My only new year resolution this year was to not to write new years resolution and to write something about resolutions in general, new year or not, at the beginning of February. I hate mandatory holidays, birthdays, celebrations, traditions of any kind. I do not like new years res as well. So I write my meta resolution article one months later. So snob.
New years resolution are one of the most stupid thing one can do to stay fine with himself. Write a past year report is something far more interesting, challenging, useful and hard. The main reason it is hard is that people forget. I firmly believe that the ability to forget is important as the ability to remember, but this is another story. The difference stay in applying the right skill when it matters.
Forgetting what you have done in your daily job or activity, as well in some ordinary everyday task, is very bad, in many ways. You can't never completely blame or be proud of yourself. You can be in a general way but if you have no real indicator, is too vague and completely useless.
What is the trick? That if you do not write down what you do and how many effort you put in accomplish a task, in getting an objective, something is wrong. If you can't measure, you can't say if something you do worth, or how much it worth.
More than this, if you do not write, you have no track, you can't measure and in the end you have no real control over what you are doing. You follow the wind and somehow, after some time, you will just just get lost. Tracking is more than just creating a to-do list.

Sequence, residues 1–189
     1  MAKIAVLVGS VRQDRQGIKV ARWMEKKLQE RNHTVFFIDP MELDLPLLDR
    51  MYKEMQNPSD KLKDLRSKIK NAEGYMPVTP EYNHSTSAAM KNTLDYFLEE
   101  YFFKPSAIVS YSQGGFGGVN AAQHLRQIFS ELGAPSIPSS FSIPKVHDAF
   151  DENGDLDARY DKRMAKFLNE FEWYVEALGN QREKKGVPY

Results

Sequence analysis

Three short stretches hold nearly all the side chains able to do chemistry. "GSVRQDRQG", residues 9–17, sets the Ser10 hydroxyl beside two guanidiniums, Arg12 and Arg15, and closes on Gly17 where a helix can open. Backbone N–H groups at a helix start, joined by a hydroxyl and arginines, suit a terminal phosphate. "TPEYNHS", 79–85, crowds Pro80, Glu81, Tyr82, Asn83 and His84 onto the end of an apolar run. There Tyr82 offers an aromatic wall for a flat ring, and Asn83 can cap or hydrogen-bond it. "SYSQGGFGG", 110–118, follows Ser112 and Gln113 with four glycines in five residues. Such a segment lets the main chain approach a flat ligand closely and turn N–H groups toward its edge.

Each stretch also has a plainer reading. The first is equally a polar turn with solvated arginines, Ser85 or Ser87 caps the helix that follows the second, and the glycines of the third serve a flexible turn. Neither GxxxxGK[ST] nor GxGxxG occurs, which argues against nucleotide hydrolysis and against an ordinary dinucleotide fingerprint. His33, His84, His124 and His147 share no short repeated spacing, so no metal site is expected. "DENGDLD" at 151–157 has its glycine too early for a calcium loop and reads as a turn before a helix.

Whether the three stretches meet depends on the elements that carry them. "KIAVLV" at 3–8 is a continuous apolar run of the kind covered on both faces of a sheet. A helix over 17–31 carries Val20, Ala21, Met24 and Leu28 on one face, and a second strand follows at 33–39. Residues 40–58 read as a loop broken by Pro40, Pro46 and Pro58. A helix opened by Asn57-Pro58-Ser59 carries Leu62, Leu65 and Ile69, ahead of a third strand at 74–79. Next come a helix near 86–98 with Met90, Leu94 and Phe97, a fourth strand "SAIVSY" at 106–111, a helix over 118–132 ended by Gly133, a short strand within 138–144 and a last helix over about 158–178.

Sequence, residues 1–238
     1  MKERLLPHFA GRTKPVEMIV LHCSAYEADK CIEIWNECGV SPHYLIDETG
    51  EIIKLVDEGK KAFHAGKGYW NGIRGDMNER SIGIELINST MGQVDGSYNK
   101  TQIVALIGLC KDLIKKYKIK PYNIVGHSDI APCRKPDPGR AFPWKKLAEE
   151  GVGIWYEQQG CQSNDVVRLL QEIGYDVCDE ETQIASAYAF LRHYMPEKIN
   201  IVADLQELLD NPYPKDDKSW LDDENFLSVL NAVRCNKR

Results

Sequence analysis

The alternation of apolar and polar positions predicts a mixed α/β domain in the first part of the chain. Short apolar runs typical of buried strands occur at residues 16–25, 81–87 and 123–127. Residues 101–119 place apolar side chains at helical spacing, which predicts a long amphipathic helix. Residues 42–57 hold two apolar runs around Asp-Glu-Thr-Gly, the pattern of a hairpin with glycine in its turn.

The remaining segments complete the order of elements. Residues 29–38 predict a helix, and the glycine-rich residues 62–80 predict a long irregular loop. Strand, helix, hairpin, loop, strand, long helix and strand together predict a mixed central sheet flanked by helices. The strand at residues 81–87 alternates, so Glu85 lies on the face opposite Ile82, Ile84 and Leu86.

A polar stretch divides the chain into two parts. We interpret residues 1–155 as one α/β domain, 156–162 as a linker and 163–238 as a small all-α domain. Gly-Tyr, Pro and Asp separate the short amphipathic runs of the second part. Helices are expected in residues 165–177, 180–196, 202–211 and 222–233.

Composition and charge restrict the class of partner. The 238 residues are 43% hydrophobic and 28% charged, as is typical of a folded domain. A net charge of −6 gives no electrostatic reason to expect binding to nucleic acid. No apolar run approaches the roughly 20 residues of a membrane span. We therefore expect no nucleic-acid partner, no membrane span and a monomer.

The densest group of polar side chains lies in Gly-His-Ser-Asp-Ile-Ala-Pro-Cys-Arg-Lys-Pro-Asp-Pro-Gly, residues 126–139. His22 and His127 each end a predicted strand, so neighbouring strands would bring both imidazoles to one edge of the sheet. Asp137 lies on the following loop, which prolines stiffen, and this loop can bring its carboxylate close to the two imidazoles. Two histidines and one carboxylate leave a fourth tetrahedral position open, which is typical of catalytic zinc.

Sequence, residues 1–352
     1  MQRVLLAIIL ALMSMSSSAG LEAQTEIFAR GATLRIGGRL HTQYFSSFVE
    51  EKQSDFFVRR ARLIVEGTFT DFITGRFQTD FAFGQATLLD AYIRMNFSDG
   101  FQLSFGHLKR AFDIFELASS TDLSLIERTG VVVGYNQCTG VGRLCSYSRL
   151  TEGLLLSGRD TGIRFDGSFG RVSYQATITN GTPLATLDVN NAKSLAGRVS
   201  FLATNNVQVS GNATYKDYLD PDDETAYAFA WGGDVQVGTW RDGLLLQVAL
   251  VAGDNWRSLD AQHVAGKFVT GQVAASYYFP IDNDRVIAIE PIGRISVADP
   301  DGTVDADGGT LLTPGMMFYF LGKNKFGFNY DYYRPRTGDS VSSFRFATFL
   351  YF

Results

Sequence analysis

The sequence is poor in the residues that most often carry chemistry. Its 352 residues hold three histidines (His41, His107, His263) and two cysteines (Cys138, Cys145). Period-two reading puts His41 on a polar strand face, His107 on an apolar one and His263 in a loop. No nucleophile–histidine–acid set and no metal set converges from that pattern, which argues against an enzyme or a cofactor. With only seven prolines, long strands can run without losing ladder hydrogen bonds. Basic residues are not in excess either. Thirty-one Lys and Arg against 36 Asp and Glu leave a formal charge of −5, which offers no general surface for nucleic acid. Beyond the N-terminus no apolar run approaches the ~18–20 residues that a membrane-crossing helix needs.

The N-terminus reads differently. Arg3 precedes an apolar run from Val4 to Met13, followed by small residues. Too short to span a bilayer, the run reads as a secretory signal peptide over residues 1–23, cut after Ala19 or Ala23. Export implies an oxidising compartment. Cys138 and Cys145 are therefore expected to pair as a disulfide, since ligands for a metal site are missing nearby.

Is also about marking things done and having a history about what you did, when and how much effort you put in it. Tracking is about measuring
This is the reason most of the people can just work for others. Their time, their accomplishments and everything else is measured by someone else. Good or bad, this is the truth. When we are employed by someone else, we just delegate the responsibilities to track our activities to others.
Is good for someone, for the majority I believe. Not for some other, definitely not for me.
Measure your accomplishments is the key to do less and get more.
If you set some vague target, something that you cannot measure day by day
or week by week, it is just a big new year's lie. Setting targets like "I will write a book this year" or "I will lose 10Kg in 6 months" is useless. This are directions, but is nothing operative. It pass the same difference as from desire to project. What if you arrive at June without losing nothing? You blame yourself but you do not know why. You can just say "Oh I am so lazy". Self commiseration. You can't learn from that, you can just keep crying and this, again, it is useless.
So tell something like: "I will make 1 hour gym every other day". After one week, you can already see how is going and is more operative than the generic losing weight target. Write 10 pages a week. Dedicate 1 hour a day studying one new thing. Reading one chapter of some book per day. Spend one hour a day with playing with my kids or playing piano or listening to a new record. Talk with each collaborator once per week.
Or, even more important, plan what not to do
. Last year I wrote about "7 things I will not do in 2009". I manage to do 6 out of 7. Removing activities sometime is more important than planning new ones, it depends if you feel you are losing time doing non useful stuff. This year I am done with removing activities, I have no more thing I want to eliminate or, at least, is not the most important thing I need to do. My first global task is to measure and keep on doing that for a long period.
Some people tend to do many things, other to do nothing. Is not relevant which kind of individual you are. Either way, without measurement, you get lost in your iper-activity or in your laziness, and you will get few and bad results.
is the key for self improvement and to get things done and to not fall back into unproductive condition. Is also the key to not become stressed about what we are or are not doing. If you measure, you have control, and you can manage your activities and in the end, your life.